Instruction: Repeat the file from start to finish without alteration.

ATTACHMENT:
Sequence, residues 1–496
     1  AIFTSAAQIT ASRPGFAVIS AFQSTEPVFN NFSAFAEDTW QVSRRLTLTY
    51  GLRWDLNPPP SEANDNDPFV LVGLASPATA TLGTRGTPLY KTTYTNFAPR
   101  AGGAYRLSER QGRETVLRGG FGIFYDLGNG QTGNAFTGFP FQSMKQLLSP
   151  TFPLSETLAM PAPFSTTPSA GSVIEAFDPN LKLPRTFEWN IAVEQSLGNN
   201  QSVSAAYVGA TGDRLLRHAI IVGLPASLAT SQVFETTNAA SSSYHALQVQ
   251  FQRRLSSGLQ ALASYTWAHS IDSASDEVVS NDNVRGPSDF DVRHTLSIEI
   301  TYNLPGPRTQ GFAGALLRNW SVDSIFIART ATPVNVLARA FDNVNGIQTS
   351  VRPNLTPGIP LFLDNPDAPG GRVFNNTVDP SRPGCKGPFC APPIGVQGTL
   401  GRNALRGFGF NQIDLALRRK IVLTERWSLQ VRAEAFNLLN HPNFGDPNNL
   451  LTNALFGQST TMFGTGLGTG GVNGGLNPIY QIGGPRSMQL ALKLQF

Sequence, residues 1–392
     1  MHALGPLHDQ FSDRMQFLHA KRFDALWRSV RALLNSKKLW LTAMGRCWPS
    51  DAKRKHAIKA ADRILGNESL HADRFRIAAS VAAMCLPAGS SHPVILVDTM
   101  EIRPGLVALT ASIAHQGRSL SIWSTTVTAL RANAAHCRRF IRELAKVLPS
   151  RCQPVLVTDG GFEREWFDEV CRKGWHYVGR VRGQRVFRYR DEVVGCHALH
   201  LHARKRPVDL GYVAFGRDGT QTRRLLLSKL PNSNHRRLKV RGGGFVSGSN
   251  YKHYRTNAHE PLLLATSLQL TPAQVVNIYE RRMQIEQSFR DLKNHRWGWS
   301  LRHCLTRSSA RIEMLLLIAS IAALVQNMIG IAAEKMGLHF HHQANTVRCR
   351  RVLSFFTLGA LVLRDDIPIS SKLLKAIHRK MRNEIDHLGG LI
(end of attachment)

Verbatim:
Sequence, residues 1–496
     1  AIFTSAAQIT ASRPGFAVIS AFQSTEPVFN NFSAFAEDTW QVSRRLTLTY
    51  GLRWDLNPPP SEANDNDPFV LVGLASPATA TLGTRGTPLY KTTYTNFAPR
   101  AGGAYRLSER QGRETVLRGG FGIFYDLGNG QTGNAFTGFP FQSMKQLLSP
   151  TFPLSETLAM PAPFSTTPSA GSVIEAFDPN LKLPRTFEWN IAVEQSLGNN
   201  QSVSAAYVGA TGDRLLRHAI IVGLPASLAT SQVFETTNAA SSSYHALQVQ
   251  FQRRLSSGLQ ALASYTWAHS IDSASDEVVS NDNVRGPSDF DVRHTLSIEI
   301  TYNLPGPRTQ GFAGALLRNW SVDSIFIART ATPVNVLARA FDNVNGIQTS
   351  VRPNLTPGIP LFLDNPDAPG GRVFNNTVDP SRPGCKGPFC APPIGVQGTL
   401  GRNALRGFGF NQIDLALRRK IVLTERWSLQ VRAEAFNLLN HPNFGDPNNL
   451  LTNALFGQST TMFGTGLGTG GVNGGLNPIY QIGGPRSMQL ALKLQF

Sequence, residues 1–392
     1  MHALGPLHDQ FSDRMQFLHA KRFDALWRSV RALLNSKKLW LTAMGRCWPS
    51  DAKRKHAIKA ADRILGNESL HADRFRIAAS VAAMCLPAGS SHPVILVDTM
   101  EIRPGLVALT ASIAHQGRSL SIWSTTVTAL RANAAHCRRF IRELAKVLPS
   151  RCQPVLVTDG GFEREWFDEV CRKGWHYVGR VRGQRVFRYR DEVVGCHALH
   201  LHARKRPVDL GYVAFGRDGT QTRRLLLSKL PNSNHRRLKV RGGGFVSGSN
   251  YKHYRTNAHE PLLLATSLQL TPAQVVNIYE RRMQIEQSFR DLKNHRWGWS
   301  LRHCLTRSSA RIEMLLLIAS IAALVQNMIG IAAEKMGLHF HHQANTVRCR
   351  RVLSFFTLGA LVLRDDIPIS SKLLKAIHRK MRNEIDHLGG LI